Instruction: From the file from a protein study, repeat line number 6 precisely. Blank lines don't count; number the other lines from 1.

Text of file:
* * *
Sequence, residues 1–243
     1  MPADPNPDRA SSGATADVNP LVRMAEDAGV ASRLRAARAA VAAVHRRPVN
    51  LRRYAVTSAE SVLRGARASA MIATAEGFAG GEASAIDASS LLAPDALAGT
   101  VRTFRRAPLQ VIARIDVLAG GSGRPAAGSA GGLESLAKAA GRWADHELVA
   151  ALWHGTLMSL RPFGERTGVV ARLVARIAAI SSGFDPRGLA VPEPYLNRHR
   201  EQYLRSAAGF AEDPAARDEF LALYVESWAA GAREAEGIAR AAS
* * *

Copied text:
   201  EQYLRSAAGF AEDPAARDEF LALYVESWAA GAREAEGIAR AAS